The General Teaching Council for Scotland (GTCS), meanwhile, is in the process of setting up a working group to look at a new category of registration for a “broad general education teacher”, capable of teaching up to S3. It is, however, a controversial move in Scotland, where the rule is that secondary teachers must be educated to degree level in the subjects they deliver.
Ellen Doherty, director of education registration and professional learning at the GTCS, emphasises that its investigation of a new category is at an early stage, and that nothing will be done that would undermine a child’s quality of education. The GTCS argues that this new breed of teacher could ease transition and drive up achievement and attainment.
However, teaching unions have warned in the past that generalists teaching in secondary could become “second-class people in the school”, and that a “two-tier system in the secondary sector” could be created, because some teachers would have degrees in the subjects they were delivering while others would not.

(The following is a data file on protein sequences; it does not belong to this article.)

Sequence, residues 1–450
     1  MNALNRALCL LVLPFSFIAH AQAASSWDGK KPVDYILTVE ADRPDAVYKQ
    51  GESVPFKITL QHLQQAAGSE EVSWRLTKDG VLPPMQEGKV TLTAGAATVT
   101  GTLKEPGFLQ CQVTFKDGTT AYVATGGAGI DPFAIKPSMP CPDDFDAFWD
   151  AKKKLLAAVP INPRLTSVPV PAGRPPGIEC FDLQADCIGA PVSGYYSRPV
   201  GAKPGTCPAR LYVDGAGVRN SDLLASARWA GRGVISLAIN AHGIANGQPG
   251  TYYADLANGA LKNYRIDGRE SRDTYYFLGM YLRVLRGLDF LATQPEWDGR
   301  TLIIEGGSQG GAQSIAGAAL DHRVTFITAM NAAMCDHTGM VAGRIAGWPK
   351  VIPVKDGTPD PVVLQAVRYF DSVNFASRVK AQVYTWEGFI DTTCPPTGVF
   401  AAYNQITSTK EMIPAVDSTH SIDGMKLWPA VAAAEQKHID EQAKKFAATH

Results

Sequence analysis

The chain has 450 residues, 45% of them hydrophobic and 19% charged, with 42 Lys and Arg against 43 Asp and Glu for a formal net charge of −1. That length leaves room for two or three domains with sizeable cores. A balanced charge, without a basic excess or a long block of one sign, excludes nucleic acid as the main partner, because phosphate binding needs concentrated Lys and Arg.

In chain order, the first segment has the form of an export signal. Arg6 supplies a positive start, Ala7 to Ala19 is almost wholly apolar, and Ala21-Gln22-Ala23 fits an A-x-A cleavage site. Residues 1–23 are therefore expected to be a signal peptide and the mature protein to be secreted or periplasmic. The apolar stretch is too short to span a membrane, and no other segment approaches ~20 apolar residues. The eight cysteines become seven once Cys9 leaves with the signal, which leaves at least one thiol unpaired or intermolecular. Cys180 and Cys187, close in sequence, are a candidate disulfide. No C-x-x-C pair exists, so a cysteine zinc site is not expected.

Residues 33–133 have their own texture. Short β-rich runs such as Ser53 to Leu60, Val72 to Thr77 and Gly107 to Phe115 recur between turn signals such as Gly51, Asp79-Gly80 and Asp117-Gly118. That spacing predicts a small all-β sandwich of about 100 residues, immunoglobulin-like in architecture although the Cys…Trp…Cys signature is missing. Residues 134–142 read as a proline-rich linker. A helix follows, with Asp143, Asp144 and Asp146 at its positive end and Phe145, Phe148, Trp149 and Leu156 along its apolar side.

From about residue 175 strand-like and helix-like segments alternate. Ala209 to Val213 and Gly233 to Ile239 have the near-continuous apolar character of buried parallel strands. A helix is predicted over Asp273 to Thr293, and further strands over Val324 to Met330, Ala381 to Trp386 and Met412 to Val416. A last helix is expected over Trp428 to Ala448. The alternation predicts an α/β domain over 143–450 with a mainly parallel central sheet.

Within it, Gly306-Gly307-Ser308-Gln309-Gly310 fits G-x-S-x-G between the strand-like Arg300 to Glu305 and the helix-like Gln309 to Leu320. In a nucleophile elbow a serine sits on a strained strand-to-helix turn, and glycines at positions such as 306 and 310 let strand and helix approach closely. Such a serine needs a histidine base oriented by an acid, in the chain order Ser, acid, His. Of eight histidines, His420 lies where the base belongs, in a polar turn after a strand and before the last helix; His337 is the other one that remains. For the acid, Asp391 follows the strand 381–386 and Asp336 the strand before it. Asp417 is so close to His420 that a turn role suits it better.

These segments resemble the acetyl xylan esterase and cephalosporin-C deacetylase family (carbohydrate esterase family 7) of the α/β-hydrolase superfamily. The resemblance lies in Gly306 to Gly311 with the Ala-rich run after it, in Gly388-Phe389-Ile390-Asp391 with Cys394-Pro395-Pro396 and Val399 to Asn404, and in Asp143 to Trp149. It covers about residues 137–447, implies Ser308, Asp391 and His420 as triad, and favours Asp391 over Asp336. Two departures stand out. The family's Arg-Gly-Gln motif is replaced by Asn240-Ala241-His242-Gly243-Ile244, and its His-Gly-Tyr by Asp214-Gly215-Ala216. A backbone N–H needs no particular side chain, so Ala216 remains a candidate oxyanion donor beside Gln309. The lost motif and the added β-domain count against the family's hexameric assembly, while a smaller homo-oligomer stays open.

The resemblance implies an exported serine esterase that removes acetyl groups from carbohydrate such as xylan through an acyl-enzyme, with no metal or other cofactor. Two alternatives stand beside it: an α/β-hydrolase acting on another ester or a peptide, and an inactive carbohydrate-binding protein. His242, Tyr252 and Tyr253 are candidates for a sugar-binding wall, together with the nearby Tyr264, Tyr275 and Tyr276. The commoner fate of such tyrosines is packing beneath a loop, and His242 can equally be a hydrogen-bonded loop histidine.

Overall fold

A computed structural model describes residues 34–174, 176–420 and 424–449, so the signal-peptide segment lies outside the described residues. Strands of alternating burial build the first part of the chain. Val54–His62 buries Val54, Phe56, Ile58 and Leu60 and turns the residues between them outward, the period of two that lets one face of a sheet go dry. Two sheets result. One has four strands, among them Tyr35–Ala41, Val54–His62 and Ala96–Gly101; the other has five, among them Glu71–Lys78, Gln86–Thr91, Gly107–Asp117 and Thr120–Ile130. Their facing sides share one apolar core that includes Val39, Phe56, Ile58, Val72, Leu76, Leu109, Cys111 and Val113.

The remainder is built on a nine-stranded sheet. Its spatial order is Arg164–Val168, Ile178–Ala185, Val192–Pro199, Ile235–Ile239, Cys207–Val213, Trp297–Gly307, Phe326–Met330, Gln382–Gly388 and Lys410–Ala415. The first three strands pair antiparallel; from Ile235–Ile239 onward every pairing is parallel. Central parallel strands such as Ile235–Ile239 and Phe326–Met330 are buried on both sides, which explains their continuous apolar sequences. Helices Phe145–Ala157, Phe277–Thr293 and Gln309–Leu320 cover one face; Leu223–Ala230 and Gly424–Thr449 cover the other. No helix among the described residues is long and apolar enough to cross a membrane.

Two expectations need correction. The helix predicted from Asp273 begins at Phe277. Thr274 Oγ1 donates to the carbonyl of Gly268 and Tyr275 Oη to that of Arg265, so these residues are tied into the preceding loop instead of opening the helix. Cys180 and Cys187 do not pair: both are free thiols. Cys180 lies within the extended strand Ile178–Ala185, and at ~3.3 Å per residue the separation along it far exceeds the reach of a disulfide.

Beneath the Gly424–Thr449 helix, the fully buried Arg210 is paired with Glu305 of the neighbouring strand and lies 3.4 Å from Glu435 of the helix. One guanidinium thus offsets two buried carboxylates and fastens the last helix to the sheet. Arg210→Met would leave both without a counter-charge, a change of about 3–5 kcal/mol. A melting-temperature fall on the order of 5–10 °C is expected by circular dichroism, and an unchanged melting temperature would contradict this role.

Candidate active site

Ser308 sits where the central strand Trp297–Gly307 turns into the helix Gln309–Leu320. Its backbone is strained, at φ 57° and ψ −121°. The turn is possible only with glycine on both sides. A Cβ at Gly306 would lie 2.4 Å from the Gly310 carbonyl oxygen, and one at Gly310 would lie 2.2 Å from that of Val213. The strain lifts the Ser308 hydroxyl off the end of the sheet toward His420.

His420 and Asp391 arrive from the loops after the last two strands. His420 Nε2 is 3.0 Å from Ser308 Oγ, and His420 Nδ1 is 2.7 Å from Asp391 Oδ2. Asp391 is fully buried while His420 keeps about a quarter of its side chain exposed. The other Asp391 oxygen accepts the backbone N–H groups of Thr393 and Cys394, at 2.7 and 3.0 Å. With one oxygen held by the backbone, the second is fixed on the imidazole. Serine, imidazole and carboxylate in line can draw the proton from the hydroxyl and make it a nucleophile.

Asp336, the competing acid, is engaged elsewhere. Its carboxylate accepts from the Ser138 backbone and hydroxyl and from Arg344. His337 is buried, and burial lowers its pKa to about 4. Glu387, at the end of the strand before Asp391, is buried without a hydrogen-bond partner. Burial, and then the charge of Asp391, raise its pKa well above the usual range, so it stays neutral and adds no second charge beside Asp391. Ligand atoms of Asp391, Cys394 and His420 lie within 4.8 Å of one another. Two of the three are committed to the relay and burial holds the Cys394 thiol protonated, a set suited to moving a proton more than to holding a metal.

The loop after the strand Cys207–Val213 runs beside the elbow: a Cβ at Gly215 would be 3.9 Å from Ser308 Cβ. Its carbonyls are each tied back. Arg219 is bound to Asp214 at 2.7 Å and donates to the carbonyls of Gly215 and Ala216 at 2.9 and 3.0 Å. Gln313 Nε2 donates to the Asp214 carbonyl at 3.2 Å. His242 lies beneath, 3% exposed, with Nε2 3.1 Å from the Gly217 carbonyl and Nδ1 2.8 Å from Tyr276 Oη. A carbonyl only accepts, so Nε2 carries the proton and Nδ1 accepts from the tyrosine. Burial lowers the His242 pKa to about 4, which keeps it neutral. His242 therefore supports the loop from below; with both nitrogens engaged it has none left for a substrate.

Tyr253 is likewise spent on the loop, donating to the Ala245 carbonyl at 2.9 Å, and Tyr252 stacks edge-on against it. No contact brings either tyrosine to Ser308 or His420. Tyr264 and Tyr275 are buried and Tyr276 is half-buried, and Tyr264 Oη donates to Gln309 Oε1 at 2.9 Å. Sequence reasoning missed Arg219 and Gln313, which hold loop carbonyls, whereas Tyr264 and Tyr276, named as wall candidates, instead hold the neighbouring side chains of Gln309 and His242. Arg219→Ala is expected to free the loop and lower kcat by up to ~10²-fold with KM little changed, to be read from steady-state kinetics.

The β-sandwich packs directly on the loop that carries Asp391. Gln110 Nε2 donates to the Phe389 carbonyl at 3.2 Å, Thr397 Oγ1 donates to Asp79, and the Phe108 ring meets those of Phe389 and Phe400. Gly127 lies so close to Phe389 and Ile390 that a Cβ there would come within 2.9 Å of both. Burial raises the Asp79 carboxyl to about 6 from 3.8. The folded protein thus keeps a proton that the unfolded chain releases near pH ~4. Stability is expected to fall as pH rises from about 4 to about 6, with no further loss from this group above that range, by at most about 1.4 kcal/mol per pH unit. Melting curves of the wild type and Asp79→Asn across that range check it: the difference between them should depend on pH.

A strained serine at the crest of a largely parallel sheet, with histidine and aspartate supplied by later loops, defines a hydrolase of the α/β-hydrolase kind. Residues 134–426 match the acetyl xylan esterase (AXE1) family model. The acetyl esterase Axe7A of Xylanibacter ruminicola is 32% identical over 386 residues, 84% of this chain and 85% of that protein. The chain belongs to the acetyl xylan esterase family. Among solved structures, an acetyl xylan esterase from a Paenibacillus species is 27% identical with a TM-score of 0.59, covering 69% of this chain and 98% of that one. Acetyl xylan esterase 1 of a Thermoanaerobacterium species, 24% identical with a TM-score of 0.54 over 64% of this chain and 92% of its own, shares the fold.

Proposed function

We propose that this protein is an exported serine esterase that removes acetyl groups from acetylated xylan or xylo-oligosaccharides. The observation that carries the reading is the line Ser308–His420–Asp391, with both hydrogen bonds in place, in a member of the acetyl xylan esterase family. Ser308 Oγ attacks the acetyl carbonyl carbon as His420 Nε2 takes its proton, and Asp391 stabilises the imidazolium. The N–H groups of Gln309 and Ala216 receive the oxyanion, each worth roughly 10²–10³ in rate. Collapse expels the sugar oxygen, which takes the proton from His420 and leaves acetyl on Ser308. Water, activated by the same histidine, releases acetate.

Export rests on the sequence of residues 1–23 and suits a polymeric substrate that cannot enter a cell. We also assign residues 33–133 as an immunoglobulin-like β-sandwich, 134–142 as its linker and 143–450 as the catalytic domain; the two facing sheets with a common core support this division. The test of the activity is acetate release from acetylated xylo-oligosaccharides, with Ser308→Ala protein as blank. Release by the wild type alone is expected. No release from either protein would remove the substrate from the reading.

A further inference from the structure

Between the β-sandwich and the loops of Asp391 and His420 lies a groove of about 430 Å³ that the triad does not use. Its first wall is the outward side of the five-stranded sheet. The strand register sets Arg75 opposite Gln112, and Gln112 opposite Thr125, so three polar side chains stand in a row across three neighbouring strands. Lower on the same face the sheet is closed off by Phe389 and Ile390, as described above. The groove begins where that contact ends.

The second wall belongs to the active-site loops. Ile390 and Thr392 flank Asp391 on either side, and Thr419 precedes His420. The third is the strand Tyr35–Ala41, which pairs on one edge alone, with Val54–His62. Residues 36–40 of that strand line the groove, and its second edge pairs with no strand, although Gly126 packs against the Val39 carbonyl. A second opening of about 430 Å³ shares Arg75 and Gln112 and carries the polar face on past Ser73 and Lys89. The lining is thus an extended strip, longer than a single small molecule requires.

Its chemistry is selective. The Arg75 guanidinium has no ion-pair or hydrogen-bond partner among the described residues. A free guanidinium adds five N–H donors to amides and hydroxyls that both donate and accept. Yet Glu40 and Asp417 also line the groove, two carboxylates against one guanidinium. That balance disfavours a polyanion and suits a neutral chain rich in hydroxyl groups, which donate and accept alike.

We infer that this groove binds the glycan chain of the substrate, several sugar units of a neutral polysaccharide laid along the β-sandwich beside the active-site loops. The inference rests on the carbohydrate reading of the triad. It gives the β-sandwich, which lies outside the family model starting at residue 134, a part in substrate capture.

Back at Craigroyston, maths curriculum leader Lynn Brown dismisses this as “nonsense” and “insulting”. She is clear: “Nicky is the specialist when it comes to our low-ability kids.”
Secondary teachers are the experts when it comes to delivering national qualifications – but not when it comes to teaching children to read, write and count, Nicky Murphy agrees.
“It’s about understanding what they need to be learning next,” she adds. “Secondary teachers know the National 5 and Higher courses, but do they know how children develop in their maths and English from P4 to P5? I have that understanding.”
Emma Seith is a reporter for Tes Scotland. She tweets @Emma_Seith